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First words from the newest member of the Samizdata team

Many of you know me already. As I have been haunting the blogosphere for the last three years through comments, emails, and guest articles. Those of you that do not will in due time, so I will skip the typical bio/Curriculum Vitae stuff. I was going to post a Micklethwaitian tale of my 50 mile journey of Southern California’s quite righteously maligned public transit system to Brian Linse’s blogger bash, where I met Perry & Adriana face-to-face for the first time. But that got a bit longish for a forum such as this, so I guess I will have to save it for a chapter in my memoirs.

One of the subjects which has piqued my fancy recently is the concept of N-dimensional variants on the classic Nolan chart. This was initiated a few weeks ago when I read this TCS article by Eugene Miller, on a link from Virginia Postrel. In it Miller attempts, quite successfully, to typify political philosophies on a Nolanesce grid – embrace of change forming one axis, and the need for control over change forming the other.

click for larger image

It occurred to me that one could map this function on top of the typical Nolan chart by equating ‘liberty’ with ‘change’. Further analysis led me to sumise that this conjunction of the two concepts was better expressed in differentials. But, for the purposes of both brevity and accessibility, we will spare that dissertation for another day.

Further indulgence of my curiosity led me to this article by Kelley L. Ross. Therein, Ross expands upon the basic Nolan chart with another dimension of what form of government safeguards what liberties (or not). It’s an interesting read. But the average Samizdata.net reader would likely find the first ten pages review, and should skip right to Liberties in Three Dimensions. Although, this little graphic, concerning the US Supreme Court is rather interesting:

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The final seven or so pages constitute the meat of the article, where he makes the point that democracy is no guarantor of liberty. In it, he makes an interesting and rather open-ended point with this:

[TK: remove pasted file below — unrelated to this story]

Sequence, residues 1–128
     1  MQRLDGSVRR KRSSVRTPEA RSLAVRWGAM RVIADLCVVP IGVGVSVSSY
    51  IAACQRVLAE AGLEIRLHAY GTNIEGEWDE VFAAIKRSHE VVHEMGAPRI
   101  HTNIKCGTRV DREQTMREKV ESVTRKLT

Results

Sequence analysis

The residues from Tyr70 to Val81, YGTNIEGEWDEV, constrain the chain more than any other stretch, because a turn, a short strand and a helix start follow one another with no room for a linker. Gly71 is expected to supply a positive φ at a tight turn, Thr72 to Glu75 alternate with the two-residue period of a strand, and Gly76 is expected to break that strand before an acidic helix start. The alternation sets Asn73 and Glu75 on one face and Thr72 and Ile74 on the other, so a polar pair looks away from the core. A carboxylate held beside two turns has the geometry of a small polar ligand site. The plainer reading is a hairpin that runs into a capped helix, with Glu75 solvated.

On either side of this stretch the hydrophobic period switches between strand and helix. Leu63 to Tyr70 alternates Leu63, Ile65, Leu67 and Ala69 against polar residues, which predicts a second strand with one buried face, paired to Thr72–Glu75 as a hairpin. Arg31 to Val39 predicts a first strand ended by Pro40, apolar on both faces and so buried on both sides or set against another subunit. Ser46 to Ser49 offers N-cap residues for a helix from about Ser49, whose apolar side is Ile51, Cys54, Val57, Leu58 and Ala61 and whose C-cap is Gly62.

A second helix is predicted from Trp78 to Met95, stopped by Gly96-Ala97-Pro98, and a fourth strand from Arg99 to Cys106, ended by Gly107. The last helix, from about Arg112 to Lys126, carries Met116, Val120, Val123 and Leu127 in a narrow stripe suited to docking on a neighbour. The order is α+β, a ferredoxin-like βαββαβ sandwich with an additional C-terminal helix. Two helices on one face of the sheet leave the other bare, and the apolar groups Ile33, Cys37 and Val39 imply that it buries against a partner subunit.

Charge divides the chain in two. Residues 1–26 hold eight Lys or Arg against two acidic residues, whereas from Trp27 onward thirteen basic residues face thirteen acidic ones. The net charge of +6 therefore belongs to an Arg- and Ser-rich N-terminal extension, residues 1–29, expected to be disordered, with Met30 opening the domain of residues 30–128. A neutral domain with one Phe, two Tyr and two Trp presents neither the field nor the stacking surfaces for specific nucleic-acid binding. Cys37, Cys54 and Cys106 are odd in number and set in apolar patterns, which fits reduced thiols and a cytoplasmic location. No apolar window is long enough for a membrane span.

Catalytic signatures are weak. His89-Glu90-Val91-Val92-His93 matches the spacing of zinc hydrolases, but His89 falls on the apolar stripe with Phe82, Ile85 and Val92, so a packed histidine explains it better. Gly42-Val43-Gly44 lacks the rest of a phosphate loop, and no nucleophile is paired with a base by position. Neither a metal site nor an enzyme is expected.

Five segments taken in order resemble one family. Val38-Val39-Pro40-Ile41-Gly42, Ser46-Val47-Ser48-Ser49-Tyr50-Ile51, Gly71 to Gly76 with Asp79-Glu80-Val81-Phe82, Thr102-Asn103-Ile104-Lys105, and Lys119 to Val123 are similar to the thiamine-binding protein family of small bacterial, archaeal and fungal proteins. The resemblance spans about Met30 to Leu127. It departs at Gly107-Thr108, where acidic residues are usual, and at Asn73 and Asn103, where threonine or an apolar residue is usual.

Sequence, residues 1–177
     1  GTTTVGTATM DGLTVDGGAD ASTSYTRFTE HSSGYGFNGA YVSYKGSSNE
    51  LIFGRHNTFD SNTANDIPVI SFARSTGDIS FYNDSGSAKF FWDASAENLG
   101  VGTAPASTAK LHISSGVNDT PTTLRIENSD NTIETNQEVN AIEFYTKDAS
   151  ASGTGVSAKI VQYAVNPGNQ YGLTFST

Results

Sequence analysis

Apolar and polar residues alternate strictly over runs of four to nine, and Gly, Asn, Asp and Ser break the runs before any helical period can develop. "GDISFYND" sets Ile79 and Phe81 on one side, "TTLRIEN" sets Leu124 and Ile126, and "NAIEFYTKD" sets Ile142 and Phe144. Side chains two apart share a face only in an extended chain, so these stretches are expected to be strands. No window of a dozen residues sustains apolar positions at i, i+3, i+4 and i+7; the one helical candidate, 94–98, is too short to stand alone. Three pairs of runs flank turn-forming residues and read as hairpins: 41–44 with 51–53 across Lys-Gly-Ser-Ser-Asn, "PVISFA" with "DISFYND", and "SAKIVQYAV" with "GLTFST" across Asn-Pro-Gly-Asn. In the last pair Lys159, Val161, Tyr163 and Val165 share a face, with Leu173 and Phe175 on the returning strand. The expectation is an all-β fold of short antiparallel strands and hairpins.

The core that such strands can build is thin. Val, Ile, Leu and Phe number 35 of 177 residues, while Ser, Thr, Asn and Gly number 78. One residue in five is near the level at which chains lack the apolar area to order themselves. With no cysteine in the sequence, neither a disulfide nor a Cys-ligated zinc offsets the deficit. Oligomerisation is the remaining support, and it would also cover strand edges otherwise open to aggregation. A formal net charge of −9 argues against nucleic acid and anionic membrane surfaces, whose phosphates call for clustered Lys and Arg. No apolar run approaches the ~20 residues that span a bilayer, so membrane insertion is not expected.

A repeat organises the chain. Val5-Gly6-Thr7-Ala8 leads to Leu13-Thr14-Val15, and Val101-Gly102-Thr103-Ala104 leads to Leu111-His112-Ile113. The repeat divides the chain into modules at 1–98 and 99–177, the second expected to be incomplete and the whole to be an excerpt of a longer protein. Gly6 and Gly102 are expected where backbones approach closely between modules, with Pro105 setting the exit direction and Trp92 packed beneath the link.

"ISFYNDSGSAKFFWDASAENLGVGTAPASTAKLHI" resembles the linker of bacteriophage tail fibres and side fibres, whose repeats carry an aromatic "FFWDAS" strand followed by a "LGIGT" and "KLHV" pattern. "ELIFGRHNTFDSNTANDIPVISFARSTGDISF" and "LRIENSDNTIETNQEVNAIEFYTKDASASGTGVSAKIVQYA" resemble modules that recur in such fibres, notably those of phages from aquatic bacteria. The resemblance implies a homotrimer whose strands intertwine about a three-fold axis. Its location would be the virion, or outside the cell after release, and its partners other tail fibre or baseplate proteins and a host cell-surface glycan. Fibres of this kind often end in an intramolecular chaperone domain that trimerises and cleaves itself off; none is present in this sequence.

A Republican form was envisioned by people like James Madison, who wished to impose practical, and not just theoretical limits on government by the use of the Separation of Powers and a system of Checks and Balances. This worked well enough but was ultimately undermined by one grave oversight: The United States Constitution provided no mechanism for its own enforcement. That task was soon taken up by the Supreme Court, but Thomas Jefferson realized that the Supreme Court, as a part of the federal government, could not be trusted to faithfully maintain the limits to the power of the federal government itself: “How can we expect impartial decision between the General government, of which they are themselves so eminent a part, and an individual State, from which they have nothing to hope or fear?”

[Autobiography]

In the end, especially during the Civil War, World War I, the New Deal, and the Sixties, the Supreme Court began to concede extra-Constitutional powers to the federal government simply on the principle that it wanted them. The only mechanism that existed to check the failures of the Court was the torturous avenue of Constitutional Amendment, politically impossible when so many people had begun to believe that unlimited power for the federal government was actually a good thing. And then again, it is hard to know how a newer version of the 10th Amendment could be more plainly worded than the old one. A new Amendment would have to descend to the ignoble level of contradicting specific Supreme Court pronouncements that the original Amendment was simply a “tautology” or “truism” that wasn’t really meant to limit federal power. (See Two Logical Errors in Constitutional Jurisprudence.) An effectively updated Constitution would have to address all the sophistry and dishonesty that was used to undermine the original one, besides providing for such additional checks and balances as would abolish the dictatorial powers of the Court.

Indeed, how does one establish practical limitations on power within a republic? Jefferson’s answer was to have an armed revolution every twenty years or so. Serious talk of that today will get you twenty years or so behind bars.

16 comments to First words from the newest member of the Samizdata team

  • Julian Morrison

    How do you practically limit the power of a republic? Bad plan. Easier to limit the power of a monarchy. In the UK: abolish parliament, but leave the monarchy as the mostly powerless symbolic figurehead it is today. A monarchy which minds its own business is very nearly equivalent to anarchy, and is probably much easier to rally a stable society around.